# get_survival_case_weights_and_data

##### Static GLM fit for survival models

Function used to get design matrix and weights for a static fit for survivals models where observations are binned into intervals

##### Usage

```
get_survival_case_weights_and_data(formula, data, by, max_T, id, init_weights,
risk_obj, use_weights = T, is_for_discrete_model = T, c_outcome = "Y",
c_weights = "weights", c_end_t = "t")
```

##### Arguments

- formula
`coxph`

like formula with`Surv(tstart, tstop, event)`

on the left hand site of`~`

- data
Data frame or environment containing the outcome and co-variates

- by
Length of each intervals that cases are binned into

- max_T
The end time of the last bin

- id
The id for each row in

`data`

. This is important when variables are time varying- init_weights
Weights for the rows

`data`

. Useful with skewed sampling and will be used when computing the final weights- risk_obj
A pre-computed result from a

`get_risk_obj`

. Will be used to skip some computations- use_weights
`TRUE`

if weights should be used. See details- is_for_discrete_model
`TRUE`

if the model is for a discrete hazard model like the logistic model. Affects how deaths are included when individuals have time varying coefficients- c_outcome, c_weights, c_end_t
Alternative names to use for the added columns described in the return section. Useful if you already have a column named

`Y`

,`t`

or`weights`

##### Details

This function is used to get the data frame for e.g. a `glm`

fit that is comparable to a `ddhazard`

fit in the sense that it is a static version. For example, say that we bin our time periods into `(0,1]`

, `(1,2]`

and `(2,3]`

. Next, consider an individual who dies at time 2.5. He should be a control in the the first two bins and should be a case in the last bin. Thus the rows in the final data frame for this individual is `c(Y = 1, ..., weights = 1)`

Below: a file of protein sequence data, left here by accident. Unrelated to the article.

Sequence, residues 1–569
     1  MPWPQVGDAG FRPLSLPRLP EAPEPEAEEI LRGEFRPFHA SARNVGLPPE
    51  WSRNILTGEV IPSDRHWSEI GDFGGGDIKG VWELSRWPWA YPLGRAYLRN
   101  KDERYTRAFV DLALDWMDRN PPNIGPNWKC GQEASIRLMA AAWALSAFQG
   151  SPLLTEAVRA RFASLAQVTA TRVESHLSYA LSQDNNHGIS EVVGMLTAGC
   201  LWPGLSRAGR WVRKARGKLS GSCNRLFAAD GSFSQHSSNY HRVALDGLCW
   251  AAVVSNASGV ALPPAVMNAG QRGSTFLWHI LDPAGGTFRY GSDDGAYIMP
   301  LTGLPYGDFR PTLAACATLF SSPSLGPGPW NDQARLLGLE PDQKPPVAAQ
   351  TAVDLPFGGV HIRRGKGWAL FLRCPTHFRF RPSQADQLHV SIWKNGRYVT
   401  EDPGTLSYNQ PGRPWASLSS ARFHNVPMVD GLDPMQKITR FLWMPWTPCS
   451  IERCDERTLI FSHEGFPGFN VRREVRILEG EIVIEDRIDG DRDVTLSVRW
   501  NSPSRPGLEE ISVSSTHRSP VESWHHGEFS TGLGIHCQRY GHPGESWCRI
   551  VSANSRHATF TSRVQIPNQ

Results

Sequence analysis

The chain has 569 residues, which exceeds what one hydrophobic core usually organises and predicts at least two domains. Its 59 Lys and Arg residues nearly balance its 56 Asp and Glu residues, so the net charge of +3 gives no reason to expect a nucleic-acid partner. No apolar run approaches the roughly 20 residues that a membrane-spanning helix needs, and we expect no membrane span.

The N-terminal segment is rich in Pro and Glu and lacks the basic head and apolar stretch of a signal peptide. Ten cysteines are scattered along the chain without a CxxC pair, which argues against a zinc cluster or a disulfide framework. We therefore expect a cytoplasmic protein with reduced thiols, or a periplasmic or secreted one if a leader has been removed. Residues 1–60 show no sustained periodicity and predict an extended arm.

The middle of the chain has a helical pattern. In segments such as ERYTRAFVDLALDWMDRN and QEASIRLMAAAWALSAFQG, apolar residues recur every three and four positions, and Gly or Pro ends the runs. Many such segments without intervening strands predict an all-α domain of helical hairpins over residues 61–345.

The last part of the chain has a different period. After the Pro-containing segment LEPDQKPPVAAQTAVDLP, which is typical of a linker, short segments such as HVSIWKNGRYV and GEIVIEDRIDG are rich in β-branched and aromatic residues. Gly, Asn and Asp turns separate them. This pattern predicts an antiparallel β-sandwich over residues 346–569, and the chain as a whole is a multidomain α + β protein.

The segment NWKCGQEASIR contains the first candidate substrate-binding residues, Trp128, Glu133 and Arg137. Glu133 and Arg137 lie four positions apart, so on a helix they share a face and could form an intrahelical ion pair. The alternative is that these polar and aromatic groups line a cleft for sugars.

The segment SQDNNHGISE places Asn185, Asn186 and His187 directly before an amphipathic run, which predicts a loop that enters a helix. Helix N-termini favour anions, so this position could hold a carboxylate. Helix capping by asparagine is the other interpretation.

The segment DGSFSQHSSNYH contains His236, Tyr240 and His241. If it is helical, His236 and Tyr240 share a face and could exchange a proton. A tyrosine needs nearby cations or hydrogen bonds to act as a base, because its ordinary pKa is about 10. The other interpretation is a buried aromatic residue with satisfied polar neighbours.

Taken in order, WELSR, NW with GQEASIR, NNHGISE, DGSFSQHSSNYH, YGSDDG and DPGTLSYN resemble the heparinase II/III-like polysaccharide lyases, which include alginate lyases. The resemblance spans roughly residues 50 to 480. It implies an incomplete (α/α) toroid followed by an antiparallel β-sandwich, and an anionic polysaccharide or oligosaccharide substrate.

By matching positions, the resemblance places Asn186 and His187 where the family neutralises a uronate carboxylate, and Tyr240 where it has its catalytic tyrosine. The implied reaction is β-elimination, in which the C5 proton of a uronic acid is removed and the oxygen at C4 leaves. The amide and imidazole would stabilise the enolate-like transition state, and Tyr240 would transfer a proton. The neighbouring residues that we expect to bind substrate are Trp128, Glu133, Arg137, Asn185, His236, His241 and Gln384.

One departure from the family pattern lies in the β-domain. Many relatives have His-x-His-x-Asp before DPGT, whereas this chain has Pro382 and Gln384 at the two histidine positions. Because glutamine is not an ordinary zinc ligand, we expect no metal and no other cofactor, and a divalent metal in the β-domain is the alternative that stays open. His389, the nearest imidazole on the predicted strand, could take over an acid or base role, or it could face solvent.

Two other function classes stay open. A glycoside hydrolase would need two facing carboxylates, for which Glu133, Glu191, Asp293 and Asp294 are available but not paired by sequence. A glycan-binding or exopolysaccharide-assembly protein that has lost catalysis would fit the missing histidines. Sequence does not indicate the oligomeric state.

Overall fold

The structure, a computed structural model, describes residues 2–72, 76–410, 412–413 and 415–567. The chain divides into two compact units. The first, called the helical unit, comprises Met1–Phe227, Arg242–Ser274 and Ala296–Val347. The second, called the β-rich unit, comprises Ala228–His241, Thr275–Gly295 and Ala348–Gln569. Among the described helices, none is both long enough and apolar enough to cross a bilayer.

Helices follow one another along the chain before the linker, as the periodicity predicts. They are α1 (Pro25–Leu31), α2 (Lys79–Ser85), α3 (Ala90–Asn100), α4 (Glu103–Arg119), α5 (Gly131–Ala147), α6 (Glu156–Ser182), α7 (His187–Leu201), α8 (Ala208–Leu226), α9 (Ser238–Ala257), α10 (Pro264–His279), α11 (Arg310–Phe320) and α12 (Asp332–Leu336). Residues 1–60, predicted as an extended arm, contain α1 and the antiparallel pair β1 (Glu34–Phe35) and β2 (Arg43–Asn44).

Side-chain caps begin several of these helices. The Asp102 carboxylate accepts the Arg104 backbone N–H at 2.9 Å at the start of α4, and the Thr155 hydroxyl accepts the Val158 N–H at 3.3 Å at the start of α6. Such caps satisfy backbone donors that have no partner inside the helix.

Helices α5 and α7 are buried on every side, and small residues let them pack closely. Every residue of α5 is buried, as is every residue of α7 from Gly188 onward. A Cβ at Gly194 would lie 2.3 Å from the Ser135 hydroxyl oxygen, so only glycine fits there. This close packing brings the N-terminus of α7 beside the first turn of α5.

and `c(Y = 0, ..., weights = 2)`

where `Y`

is the outcome, `...`

is the co-variates and `weights`

is the weights for the regression. Consider another individual who does not die and we observe him for all three periods. Thus, he will yield one row with `c(Y = 0, ..., weights = 3)`

This function use similar logic as the `ddhazard`

for individuals with time varying co-variates (see the vignette "ddhazard" for details)

If `use_weights = FALSE`

then the two individuals will yield three rows each. The first individual will have `c(Y = 0, t = 1, ..., weights = 1)`

, `c(Y = 0, t = 2, ..., weights = 1)`

, `c(Y = 1, t = 3, ..., weights = 1)`

while the latter will have three rows `c(Y = 0, t = 1, ..., weights = 1)`

, `c(Y = 0, t = 2, ..., weights = 1)`

, `c(Y = 0, t = 3, ..., weights = 1)`

. This kind of data frame is useful if you want to make a fit with e.g. `gam`

function in the `mgcv`

package as described en Tutz et. al (2016) (see reference)

##### Value

Returns a data frame with the design matrix from the formula where the following is added (column names will differ if you specified them): column `Y`

for the binary outcome, column `weights`

for weights of each row and additional rows if applicable. A column `t`

is added for the stop time of the bin if `use_weights = FALSE`

##### References

Tutz, Gerhard, and Matthias Schmid. *Nonparametric Modeling and Smooth Effects*. Modeling Discrete Time-to-Event Data. Springer International Publishing, 2016. 105-127.

##### See Also

*Documentation reproduced from package dynamichazard, version 0.3.1, License: GPL-2*